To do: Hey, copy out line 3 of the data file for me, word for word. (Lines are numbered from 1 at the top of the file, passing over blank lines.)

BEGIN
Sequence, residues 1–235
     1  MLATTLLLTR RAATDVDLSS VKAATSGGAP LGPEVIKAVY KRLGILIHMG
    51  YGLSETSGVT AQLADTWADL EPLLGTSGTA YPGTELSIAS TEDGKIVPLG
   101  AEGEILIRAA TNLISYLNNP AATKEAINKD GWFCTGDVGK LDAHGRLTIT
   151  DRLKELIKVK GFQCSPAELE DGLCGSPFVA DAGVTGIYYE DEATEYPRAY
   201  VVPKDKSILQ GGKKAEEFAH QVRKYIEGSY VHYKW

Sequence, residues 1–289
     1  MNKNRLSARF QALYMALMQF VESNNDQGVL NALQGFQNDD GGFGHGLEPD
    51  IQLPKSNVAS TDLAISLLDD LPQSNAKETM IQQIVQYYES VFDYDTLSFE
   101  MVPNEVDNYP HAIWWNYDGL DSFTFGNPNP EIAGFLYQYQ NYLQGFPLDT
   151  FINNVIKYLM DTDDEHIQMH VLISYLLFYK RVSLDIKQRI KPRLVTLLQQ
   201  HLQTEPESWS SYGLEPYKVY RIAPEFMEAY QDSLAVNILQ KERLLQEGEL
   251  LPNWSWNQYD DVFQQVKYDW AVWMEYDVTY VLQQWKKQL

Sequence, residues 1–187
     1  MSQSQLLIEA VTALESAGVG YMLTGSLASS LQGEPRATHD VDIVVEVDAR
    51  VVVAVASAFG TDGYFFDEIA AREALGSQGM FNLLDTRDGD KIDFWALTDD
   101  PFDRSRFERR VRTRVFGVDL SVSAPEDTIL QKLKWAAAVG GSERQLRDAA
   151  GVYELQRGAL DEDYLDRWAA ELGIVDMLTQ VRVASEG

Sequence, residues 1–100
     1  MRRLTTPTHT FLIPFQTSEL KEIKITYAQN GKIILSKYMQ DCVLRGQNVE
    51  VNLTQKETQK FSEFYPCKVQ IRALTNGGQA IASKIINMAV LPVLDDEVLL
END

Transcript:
    51  YGLSETSGVT AQLADTWADL EPLLGTSGTA YPGTELSIAS TEDGKIVPLG